identity theft

Sorry to break the news, but you did not report the person behind that blog. Instead, you reported me. And I am still suffering the consequences.

I did not run that blog. Yes, they used my image. All my pictures from Facebook and Instagram, my statuses, even the captions. And then interspersed them with animal abuse images, fantasies about beastiality, other fucking disgusting sentiments.

You people found my Facebook, where I listed my wildlife rescue group. You didn’t think, for a moment, that it was odd that none of these abuse fantasies appeared on Facebook. A girl who was apparently willing to put her face, her location, the names of her family her local fucking vet clinic on her zoophilic Tumblr page, strangely had none of these thoughts on a just-as-public Facebook page.

Not one single person thought, “This is a bit odd, maybe I should reach out to this person just to confirm that it’s them.”

You people, high on some fantastical idea of justice, called the authorities. And I did not even know about the existence of the blog until the RSPCA showed up on my doorstep one night.

THEY, thankfully, had the sense to believe me. As soon as they showed me the page and I broke down in tears, they got the idea. So they told me to go to the police. The police palmed me off to ACORN (a cybercrime body) who dismissed the case because “nobody in the images was under the age of 18.”

Meanwhile, Tumblr had taken the page down, only for it to resurface again last year.

I then pursued a civil case. Emailed lawyers in my local city. They advised me only to take it to Tumblr, who shut down the page a second time. No further action was taken.

I never received another call from wildlife rescue because I was unable to prove that I did not run this disgusting blog. Wildlife is my biggest passion in the world and I may never work in that industry until I can clear my name.

So I messaged this page - report-a-predator. They told me to prove it - fair enough. So I sent them EVERYTHING. The screenshots, my emails to ACORN and SAPOL and Tumblr and the lawyers. They did not respond. I emailed them again, begging them to clear my name. They did not respond.

I am furious. I am fucking enraged that this post even still exists on their page, because the actions of this so-called “justice group” has directly impacted the life of an innocent person and they will do nothing to acknowledge it. Not even respond to a simple email. Not even take down the incriminating post.

I know my blog is tiny, I know nobody follows it, I know this will probably never be seen. But I am not going to be silent.

If you’re ever caught up in a whirlwind of pseudo-justice, maybe check the facts first.


My friend @chicasuperkiller​ has been harassed the last couple days by one (or more individuals) And even started attacking her friends. They have been constantly recreating new accounts after she’s blocked them, just for the sole purpose of harassing and sending hate to her.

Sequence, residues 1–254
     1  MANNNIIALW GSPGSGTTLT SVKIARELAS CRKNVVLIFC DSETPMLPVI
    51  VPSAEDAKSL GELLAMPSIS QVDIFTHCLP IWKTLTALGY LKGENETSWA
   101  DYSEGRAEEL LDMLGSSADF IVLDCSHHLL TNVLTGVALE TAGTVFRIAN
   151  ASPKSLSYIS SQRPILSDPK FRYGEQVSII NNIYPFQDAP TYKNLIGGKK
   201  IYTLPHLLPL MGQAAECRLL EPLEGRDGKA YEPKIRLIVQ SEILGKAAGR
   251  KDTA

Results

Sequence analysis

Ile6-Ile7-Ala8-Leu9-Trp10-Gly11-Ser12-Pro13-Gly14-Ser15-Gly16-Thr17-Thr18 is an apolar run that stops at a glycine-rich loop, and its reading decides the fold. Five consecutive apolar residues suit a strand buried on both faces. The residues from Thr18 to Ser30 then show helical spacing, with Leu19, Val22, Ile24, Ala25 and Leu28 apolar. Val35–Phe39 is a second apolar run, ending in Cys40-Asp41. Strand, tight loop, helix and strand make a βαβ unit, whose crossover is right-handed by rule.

Proof (the asks sent by rexa166, chicadicklover, and chicapsychokillerxd):

As you can see, they’re a very awful person, and EXTREMELY Panphobic. Even attacking @memerie  for being involved with Chica and being Pan.

The harrassments were bad enough, but now, they’re escalated to identity theft.


REPORT @chicasuperkilller! They are stealing Chica’s identity and accusing her of art theft (Chica has shown many of her art on Discord before she ever posted it online, therefore, this person is a fake and a liar)

Chica’s already had enough shit to deal with lately, and already has enough problems, but these users (or one user, multiple accounts) are making it worse. 


A public response

Firstly I want to thank Meg for getting my message out; that never would have happened if not for her. And another huge thanks to my friends at Tickld for their support, which honestly took me completely aback - I didn’t think anyone there remembered me.

When I initially posted I was hoping for two things: the post taken down, and an apology. I fully acknowledge that @report-a-predator​ has removed the post and thank them for that much.

As for the apology …

Keep reading



Subject Mark Baumgardt has been messaging privately over Facebook through his personal account, trying to convince users that he has sensitive information about them that they need to know urgently (i.e. school records, work location, partner’s contact info). He will provide enough proof to convince you he has access to your private information, and then he will offer the information only in exchange of intercourse and/or sexual favors, through harassment, and/or potential blackmail. He has multiple social media accounts under the same name that he uses for his advantage. He is also likely to be on Tumblr or Instagram under different usernames to access private information.